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Original Title:
Ame agaru

Japan 1999

Period Drama

Takashi Koizumi

Akira Terao
Yoshiko Miyazaki
Shirô Mifune
Fumi Dan
Hidetaka Yoshioka
Hisashi Igawa
Mieko Harada
Takayuki Katô
Tatsuo Matsumura
Tatsuya Nakadai

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After the Rain

aka Ame agaru

Story: The travelling samurai Ihei Misawa (Akira Terao) wanders through Japan with his wife Tayo (Yoshiko Miyazaki) and is searching for a new task in life. He ends up at an inn since continueing rain doesn't allow him to cross a river. The people who have found shelter at the inn have soon found a liking in him because of his generosity and kindness. When he also keeps two young hotheads of a local clan from killing one another over nothing he is watched by Lord Nagai (Shirô Mifune) who is impressed by the extraordinary fighting skills he shows. Lord Nagai has become curious and invites Ihei to his castle. There the samurai tells his story and how up to this day no ruler could hire him for long which is why he is now wandering the country. Lord Nagai thus tells him that for quite some time already he is looking for someone who is worthy to be his new master-of-arms. Ihei seems to be just the right person for this job, but soon even Lord Nagai has to realize why good-hearted Ihei doesn't find a new master anywhere.

Review: The story of "After the Rain" is simple and yet moves the heart, it puts you in a good mood and also makes you reflect. This shouldn't be a big surprise since the screenplay is written by Akira Kurosawa based on a short story by Shûgorô Yamamoto. Directing legend Kurosawa died during post-production and so his long-term assisstant director Takashi Koizumi did get the chance to make his debut with this movie after a french production company put the necessary money on the table. You can always make out Kurosawa's handwriting in "After the Rain", but apart from that Koizumi also proves to be a director who has his own style in the making. However, there is one thing that he undoubtfully has in common with his master. He shoots movies that have their very own pacing. The introduction is therefore looking somewhat unspectacular but the movie's strength comes to the foreground later on.

A good-hearted samurai who is looking for work. Ihei's problem is just that he is too friendly. His concern to have injured his foe looks like mockery in the eyes of the one beaten and so Ihei's kind-hearted character is often misunderstood. This is also because he is an exceptionally skilled fighter. No one stands a chance against him. Yet this samurai isn't characterized by a blind trust in a code of honor but is also willing to fight for money if he can help the people around him by that. For tradition-centered samurais this would be a disgrace but people love Ihei for that. The samurai is also misunderstood by his wife, though, who is still hoping that he will find work but is supporting him under adverse conditions as well.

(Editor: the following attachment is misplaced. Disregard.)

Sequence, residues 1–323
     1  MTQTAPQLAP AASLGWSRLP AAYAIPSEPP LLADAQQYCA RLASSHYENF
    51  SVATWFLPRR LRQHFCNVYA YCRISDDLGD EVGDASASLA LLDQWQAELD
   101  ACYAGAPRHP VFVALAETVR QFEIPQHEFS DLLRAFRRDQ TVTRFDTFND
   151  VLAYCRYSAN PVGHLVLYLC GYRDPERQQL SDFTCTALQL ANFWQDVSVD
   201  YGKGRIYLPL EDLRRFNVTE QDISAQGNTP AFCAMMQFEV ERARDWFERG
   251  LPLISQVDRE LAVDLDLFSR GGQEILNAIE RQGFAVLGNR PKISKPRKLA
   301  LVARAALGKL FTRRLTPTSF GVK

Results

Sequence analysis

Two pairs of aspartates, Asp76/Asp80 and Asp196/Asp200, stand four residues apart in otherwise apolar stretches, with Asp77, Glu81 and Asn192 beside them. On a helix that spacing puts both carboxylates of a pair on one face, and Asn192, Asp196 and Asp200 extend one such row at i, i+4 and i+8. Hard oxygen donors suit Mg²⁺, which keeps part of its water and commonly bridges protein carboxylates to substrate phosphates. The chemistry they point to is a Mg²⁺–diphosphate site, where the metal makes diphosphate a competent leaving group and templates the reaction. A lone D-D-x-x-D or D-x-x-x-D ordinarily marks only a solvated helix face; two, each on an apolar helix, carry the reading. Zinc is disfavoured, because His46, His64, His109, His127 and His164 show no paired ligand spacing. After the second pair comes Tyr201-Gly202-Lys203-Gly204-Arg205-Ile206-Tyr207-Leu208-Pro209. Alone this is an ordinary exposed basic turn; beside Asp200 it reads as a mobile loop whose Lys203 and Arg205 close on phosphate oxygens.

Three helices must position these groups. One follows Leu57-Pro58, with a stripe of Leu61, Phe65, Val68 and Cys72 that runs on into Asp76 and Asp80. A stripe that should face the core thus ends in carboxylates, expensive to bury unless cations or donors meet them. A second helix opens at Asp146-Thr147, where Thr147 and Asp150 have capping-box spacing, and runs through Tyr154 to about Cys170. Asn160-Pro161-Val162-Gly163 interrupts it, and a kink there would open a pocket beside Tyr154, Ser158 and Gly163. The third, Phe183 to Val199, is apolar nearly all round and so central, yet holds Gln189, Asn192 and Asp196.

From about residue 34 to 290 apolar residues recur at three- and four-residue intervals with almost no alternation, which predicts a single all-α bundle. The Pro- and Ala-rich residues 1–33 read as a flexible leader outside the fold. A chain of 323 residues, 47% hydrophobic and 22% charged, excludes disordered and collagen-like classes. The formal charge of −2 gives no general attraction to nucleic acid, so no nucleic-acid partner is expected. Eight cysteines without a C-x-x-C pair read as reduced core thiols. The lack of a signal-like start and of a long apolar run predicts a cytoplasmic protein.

The movie starts in an unusual way and shows in detailed pictures the life at the inn and an ample party. Only when the lord becomes interested in Ihei the story starts to get some momentum. Still, "After the Rain", apart from a few little fight scenes, has an extemely slow pacing, which gives the movie almost something meditative. As already stated this only proves to be a problem at the beginning. Yet, there is no doubt that Kurosawa easily could have created more tension in a movie. Nonetheless, most of the time the film works out just fine which is also thanks to the charismatic portrayal of Akira Terao. Sometimes you even get the impression that Ihea is a monk, that is just how amiably and sincerely he treats the people around him, but deep within there is in fact also slumbering an excellent warrior.

Therefore, it doesn't come as a surprise that Ihei never considers to do anything different than being a samurai. Fighting is what he is really good at. During a demonstration at Lord Nagai's castle he proves his ability as impressively as he does in a fight of life and death when he is attacked at a nearby forest by a bunch of fighters. That is also where the handwriting of director Koizumi's master shines through. Nevertheless, wielding the sword also serves Ihei as a means to find his inner balance. When he is disappointed by himself and the world and wants to find inner peace again he looks for a quiet place and practices with his sword. His movements are meditative and the director captures them in all of their tranquility in order to adequately depict his emotions.

Toshiro Mifune's son Shiro plays Lord Nagai with a refreshing screen presence that stands in a nice contrast to Terao's more introverted role, and Yoshiko Miyazaki plays the charming wife of the samurai, who always gives him great support and thus is also responsible for Ihei's peace of mind. Accordingly, the ending also turns out to be pretty reflective and positive in tone, even though it is at the same time rather open to interpretations. Still, in "After the Rain" it isn't important to draft out the ending in detail. We have been granted a glimpse into the heart of a sincere and good man and found every answer we could have searched for. A wonderful movie, which only downsides are its slow start and an at times slightly naive tone.

(Author: Manfred Selzer)
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